'Over a fifty-year period, from 1944 to 1994, Thea Astley published a number of critical writings, including essays, newspaper articles and reviews, and short reflections and meditations on her craft. Despite a renewed interest in Astley’s work, however, most critical interrogations of her oeuvre focus on her novels, and more recently her poetry. As a result, Astley’s critical writing has not been afforded the same breadth and depth of investigation as her fiction. This lacuna is troubling, since Astley’s critical works are important not only for their insight, but for what they reveal about Astley’s self-representation, and in particular the dual identity that she embodied as both a teacher and a satirist. This article argues that these dual roles emerge clearly in Astley’s essays and in fact are inextricable from many of her works. Further, the tensions between these two personae — Astley as teacher and Astley as satirist — reveal natural overlaps with her imaginative writing, and reflect her changing ideas about fiction writing, literature, and education.' (Publication abstract)

The Solid Mandala and Patrick White’s Late Modernity Nicholas Birns , 2011 single work criticism
— Appears in: Transnational Literature , November vol. 4 no. 1 2011;
'This essay contends that the Australian novelist Patrick White (1912-1990) presents, in his novel The Solid Mandala (1966), a prototypical evocation of late modernity that indicates precisely why and how it was different from the neoliberal and postmodern era that succeeded it. Late modernity is currently emerging as a historical period, though still a nascent and contested one. Robert Hassan speaks of the 1950-1970 era as a period which, in its 'Fordist' mode of production maintained a certain conformity yet held off the commoditisation of later neoliberalism's 'network-driven capitalism'. This anchors the sense of 'late modernity,' that will operate in this essay, though my sense of the period also follows on definitions of the term established, in very different contexts, by Edward Lucie-Smith and Tyrus Miller.' (Author's introduction)
Thea Astley : Writing in Overpoweringly a Male Dominated Literary World Megha Trivedi , 2010 single work criticism
— Appears in: The Indian Review of World Literature in English , July vol. 6 no. 2 2010;
This paper is an attempt to explore different themes in the novels of Thea Astley.(p. 1)
Are there Really Angels in Carlton? Australian Literature and Theology Noel Rowe , 2008 single work criticism
— Appears in: Ethical Investigations : Essays on Australian Literature and Poetics 2008; (p. 30-59)
Feeding Off Others Laurie Clancy , 1972 single work review
— Appears in: The Age , 14 October 1972; (p. 17)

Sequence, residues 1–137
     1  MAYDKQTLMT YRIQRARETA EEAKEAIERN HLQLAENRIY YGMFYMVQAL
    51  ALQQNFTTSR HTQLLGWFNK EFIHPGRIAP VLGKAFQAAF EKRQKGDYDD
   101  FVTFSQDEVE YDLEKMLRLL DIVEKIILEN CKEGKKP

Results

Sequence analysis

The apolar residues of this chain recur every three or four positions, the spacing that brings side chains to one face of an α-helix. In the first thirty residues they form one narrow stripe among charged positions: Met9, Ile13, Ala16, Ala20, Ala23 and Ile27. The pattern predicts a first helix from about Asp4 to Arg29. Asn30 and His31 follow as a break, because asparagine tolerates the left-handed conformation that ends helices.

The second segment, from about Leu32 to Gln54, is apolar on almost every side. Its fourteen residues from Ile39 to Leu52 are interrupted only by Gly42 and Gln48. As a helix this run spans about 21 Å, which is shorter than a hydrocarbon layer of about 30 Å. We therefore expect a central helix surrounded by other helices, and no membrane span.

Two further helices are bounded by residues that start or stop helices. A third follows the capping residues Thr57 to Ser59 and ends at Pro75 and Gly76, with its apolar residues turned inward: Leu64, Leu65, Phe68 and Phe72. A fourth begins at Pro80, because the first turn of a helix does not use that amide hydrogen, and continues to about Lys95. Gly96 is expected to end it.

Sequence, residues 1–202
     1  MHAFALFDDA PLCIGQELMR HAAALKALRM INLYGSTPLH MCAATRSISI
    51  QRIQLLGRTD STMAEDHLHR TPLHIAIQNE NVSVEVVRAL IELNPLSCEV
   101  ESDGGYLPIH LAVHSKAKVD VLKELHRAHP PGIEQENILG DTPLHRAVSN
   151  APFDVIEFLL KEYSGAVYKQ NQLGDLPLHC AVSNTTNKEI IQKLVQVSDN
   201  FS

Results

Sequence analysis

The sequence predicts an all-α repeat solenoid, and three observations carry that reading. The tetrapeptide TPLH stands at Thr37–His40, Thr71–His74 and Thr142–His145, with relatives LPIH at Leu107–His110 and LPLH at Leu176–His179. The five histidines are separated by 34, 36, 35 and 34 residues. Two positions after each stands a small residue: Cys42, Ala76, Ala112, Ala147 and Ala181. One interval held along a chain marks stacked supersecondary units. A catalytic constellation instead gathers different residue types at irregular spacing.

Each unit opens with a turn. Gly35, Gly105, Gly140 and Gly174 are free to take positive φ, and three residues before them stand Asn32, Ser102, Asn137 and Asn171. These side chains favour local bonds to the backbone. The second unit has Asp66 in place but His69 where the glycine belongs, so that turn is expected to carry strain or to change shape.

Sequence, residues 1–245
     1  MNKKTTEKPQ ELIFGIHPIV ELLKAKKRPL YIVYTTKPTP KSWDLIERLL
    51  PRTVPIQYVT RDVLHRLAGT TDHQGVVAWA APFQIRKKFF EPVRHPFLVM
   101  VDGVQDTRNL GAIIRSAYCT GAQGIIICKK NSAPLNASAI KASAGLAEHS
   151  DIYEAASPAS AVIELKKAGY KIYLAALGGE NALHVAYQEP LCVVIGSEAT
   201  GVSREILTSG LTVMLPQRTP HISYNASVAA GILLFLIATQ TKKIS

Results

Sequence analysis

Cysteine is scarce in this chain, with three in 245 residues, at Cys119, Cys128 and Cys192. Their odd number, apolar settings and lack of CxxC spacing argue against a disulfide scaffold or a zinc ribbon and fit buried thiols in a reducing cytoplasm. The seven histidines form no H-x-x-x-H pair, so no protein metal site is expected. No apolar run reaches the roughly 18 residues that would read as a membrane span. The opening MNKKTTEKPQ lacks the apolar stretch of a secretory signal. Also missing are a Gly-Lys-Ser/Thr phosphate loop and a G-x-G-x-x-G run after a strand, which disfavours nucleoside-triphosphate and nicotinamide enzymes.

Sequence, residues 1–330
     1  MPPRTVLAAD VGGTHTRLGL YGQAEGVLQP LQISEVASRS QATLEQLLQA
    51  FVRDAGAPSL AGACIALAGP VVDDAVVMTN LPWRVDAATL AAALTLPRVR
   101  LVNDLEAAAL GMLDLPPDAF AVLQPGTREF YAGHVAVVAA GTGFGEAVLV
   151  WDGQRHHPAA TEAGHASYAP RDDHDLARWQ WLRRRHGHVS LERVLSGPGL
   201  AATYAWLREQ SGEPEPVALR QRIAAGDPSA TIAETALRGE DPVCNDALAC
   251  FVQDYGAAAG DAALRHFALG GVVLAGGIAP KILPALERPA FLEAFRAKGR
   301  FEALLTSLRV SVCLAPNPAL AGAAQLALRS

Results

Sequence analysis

— Review of The Acolyte Thea Astley , 1972 single work novel
Thea Astley Aiming at What? Bill Fraser , 1972 single work review
— Appears in: The Courier-Mail , 14 October 1972; (p. 15)

— Review of The Acolyte Thea Astley , 1972 single work novel
Critics' Choice Cherry Grimm , 1972 single work review
— Appears in: The Sydney Morning Herald , 9 December 1972; (p. 22)

— Review of The Acolyte Thea Astley , 1972 single work novel
Critics' Choice John Douglas Pringle , 1972 single work review
— Appears in: The Sydney Morning Herald , 9 December 1972; (p. 22)

— Review of The Acolyte Thea Astley , 1972 single work novel
From Harvard to Heaven Joan Flanagan , 1980 single work review
— Appears in: The Age , 17 May 1980; (p. 23)

— Review of The Acolyte Thea Astley , 1972 single work novel
Thea Astley : Exploring the Centre Paul Genoni , 2004 single work criticism
— Appears in: Subverting the Empire : Explorers and Exploration in Australian Fiction 2004; (p. 97-144)
Grant Winner Wants Only to Write Geraldine Pascall , 1973 single work
— Appears in: The Australian , 11 April 1973; (p. 3)
The Acolyte : Thea Astley (1925-2004) Jane Gleeson-White , 2007 single work criticism
— Appears in: Australian Classics : Fifty Great Writers and Their Celebrated Works 2007; (p. 222-226)
Are there Really Angels in Carlton? Australian Literature and Theology Noel Rowe , 2008 single work criticism
— Appears in: Ethical Investigations : Essays on Australian Literature and Poetics 2008; (p. 30-59)
Thea Astley : Writing in Overpoweringly a Male Dominated Literary World Megha Trivedi , 2010 single work criticism
— Appears in: The Indian Review of World Literature in English , July vol. 6 no. 2 2010;
This paper is an attempt to explore different themes in the novels of Thea Astley.(p. 1)
Last amended 6 Dec 2021 15:05:17